Cliff Lamb, UF/IFAS Beef Reproduction Specialist, NFREC
Estrous synchronization and artificial insemination (AI) are reproductive management tools that have been available to beef producers for over 30 years. Synchronization of the estrous cycle has the potential to shorten the calving season, increase calf uniformity, and enhance the possibilities for utilizing AI. Artificial insemination allows producers the opportunity to infuse superior genetics into their operations at costs far below the cost of purchasing a herd sire of similar standards. In addition, the utilization of estrous synchronization and AI has potential to influence the economic efficiency of cow/calf enterprises by improving a producer’s opportunity to shorten the calving season, increase calf uniformity, have earlier births during the calving season, enhance preweaning growth, and heavier calves at weaning. These tools remain the most important and widely applicable reproductive biotechnologies available for beef cattle operations. However, beef producers have been slow to utilize or adopt these technologies into their production systems.
Our estrous synchronization research has focused on the development of methods that effectively synchronize estrous in postpartum beef cows and replacement beef heifers by decreasing the period of time over which estrous detection is required, thus facilitating the use of fixed-time AI. This new generation of estrous synchronization protocols uses two strategies which are key factors for implementation by producers because they: 1) minimize the number and frequency of handling cattle through a cattle-handling facility; and 2) eliminate detection of estrus by employing fixed-time AI (TAI).
Our most recent study was the first to be conducted that examined the economic outcomes of the management decision to intervene with estrous synchronization and AI technologies in commercial cow/calf production. The objective of this study was to conduct a partial budget analysis to determine the economic effect of estrous synchronization and TAI on the production of weaned calves in commercial cow/calf operations.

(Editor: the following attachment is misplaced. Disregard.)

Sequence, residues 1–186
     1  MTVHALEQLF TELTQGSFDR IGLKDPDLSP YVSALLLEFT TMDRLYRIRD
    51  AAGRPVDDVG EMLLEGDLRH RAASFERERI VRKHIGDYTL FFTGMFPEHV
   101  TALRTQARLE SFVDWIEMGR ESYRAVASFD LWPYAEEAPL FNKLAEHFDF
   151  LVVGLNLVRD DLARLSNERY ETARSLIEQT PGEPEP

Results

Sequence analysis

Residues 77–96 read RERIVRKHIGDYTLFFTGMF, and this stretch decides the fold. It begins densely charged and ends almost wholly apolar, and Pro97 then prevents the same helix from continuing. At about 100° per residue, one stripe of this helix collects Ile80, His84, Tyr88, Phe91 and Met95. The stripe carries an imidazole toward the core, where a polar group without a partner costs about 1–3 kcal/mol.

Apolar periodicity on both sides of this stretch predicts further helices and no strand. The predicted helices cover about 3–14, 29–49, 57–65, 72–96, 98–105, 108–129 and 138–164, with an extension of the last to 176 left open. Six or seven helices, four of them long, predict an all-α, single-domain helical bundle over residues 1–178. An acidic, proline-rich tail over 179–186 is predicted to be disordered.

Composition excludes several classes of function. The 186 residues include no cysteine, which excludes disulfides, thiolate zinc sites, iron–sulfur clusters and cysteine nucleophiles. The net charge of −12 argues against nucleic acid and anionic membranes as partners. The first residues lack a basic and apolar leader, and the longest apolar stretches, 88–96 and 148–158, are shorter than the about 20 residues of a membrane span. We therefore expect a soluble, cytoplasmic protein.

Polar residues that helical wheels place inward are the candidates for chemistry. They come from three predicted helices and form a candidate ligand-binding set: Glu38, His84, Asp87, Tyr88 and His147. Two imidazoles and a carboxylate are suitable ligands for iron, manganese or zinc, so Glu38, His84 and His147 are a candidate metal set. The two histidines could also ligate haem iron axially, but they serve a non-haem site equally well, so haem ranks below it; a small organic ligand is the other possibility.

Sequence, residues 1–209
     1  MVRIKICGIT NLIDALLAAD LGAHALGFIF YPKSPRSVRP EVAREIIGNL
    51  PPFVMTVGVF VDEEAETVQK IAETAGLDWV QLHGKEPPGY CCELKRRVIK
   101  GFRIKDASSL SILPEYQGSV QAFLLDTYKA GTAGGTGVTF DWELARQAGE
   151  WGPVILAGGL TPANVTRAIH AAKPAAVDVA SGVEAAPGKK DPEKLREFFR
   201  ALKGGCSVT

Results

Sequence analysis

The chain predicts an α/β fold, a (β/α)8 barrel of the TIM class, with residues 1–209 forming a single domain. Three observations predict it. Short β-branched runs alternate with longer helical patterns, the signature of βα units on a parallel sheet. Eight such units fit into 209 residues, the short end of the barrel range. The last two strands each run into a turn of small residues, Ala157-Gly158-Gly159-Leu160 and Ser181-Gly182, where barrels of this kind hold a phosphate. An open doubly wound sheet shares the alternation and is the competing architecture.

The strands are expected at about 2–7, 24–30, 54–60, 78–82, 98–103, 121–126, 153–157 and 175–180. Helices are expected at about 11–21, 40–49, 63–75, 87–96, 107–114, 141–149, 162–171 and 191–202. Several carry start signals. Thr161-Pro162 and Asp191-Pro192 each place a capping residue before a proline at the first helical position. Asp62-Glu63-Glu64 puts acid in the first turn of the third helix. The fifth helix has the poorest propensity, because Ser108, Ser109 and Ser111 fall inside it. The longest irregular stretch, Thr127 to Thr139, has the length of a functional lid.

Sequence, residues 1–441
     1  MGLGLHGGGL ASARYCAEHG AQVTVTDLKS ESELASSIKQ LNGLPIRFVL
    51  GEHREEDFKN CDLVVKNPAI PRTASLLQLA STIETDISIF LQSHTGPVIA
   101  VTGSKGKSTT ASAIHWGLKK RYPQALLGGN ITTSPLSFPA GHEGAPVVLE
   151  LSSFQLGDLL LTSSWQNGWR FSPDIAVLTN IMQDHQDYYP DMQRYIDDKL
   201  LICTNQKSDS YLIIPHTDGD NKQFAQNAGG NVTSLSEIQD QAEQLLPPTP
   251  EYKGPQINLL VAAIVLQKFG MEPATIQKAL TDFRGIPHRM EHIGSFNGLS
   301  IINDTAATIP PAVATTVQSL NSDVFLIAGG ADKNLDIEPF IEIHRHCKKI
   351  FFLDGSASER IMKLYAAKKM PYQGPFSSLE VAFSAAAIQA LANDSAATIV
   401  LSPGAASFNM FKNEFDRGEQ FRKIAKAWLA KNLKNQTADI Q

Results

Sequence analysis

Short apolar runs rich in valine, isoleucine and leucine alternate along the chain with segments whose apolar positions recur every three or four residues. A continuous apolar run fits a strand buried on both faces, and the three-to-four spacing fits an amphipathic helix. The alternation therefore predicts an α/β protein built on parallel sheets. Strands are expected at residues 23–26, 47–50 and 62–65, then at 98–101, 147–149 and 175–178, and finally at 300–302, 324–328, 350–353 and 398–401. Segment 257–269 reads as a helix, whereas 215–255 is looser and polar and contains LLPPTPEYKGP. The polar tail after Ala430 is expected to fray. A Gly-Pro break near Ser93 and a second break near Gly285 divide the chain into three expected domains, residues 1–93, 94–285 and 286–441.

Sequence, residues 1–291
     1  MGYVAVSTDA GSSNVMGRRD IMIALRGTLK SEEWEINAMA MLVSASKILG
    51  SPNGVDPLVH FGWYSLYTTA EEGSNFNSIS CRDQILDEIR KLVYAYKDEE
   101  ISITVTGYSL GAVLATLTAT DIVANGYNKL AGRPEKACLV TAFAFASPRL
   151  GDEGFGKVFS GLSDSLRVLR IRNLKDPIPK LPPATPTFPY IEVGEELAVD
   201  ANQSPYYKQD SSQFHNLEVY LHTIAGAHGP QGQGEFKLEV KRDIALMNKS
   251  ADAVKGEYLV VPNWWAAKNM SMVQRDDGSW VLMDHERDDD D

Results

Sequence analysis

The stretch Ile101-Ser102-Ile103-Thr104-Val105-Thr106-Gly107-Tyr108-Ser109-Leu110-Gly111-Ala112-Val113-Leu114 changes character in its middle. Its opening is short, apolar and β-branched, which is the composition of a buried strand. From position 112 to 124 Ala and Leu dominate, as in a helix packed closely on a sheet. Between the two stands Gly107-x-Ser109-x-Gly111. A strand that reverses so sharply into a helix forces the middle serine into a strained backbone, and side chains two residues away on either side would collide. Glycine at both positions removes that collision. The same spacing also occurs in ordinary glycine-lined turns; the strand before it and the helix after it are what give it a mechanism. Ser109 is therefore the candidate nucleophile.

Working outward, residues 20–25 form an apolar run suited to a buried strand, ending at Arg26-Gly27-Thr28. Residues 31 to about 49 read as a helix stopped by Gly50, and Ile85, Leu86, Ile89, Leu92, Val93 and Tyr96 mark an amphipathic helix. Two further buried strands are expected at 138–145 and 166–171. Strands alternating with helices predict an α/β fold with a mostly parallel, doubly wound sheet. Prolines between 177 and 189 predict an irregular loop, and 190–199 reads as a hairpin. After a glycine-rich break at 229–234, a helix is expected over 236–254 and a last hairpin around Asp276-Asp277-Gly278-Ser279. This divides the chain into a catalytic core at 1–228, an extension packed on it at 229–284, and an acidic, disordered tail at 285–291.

In producer operations, suckled beef cows were assigned randomly within each location to 1 of 2 treatment groups: 1) cows were inseminated artificially after synchronization of ovulation using the CO-Synch + CIDR protocol; and 2) cows were exposed to natural service (NS) without estrous synchronization. Within each herd, cows from both treatments were maintained together in similar pastures and were exposed to bulls 12 h after the last cow in the TAI treatment was inseminated. Overall, the percentage of cows exposed to treatments that subsequently weaned a calf was greater for TAI (84%) than Control (78%) cows. In addition, the cumulative calving distribution differed between the TAI and Control treatments. Weaning weights per cow exposed to treatments were greater (P < 0.01) for cows in the TAI treatment (425.5 lbs) than those cows in the Control treatment (387.0 lbs). Overall, increased returns plus decreased costs ($82.32), minus decreased returns plus increased costs ($33.18) resulted in a $49.14 advantage per exposed cow in the TAI treatment com-pared to the Control treatment.
Previously well-managed herds with relatively short breeding seasons had differing economic outcomes from the intervention of estrous synchronization and TAI. Management factors related to the four areas of the partial budget analysis affected the economic outcomes. Factors influencing costs per exposed cow such as weaning weight, bull costs, labor costs, semen costs, and pharmaceutical costs all contributed to the economic results. Factors that may have influenced calf weight, such as environment, stressors, quality of natural re-sources, and management system may have directly influenced economic outcomes but were not directly evaluated in this study.
Utilizing a partial budget analysis, this study examined the economic implications of the intervention with estrous synchronization and TAI on the value of weaning weight of exposed cows in commercial cow/calf production. This study explored a sub-sample of the total system of cow/calf production and examined the impact of estrous synchronization and TAI on increased and decreased returns and costs. Weaning weight of cows ex-posed to estrous synchronization and TAI was a major driver of profit. The decision to use estrous synchronization and TAI affects many parts of the production system and producers can use partial budget analysis as an aid in defining the success of ES and TAI reproductive management program.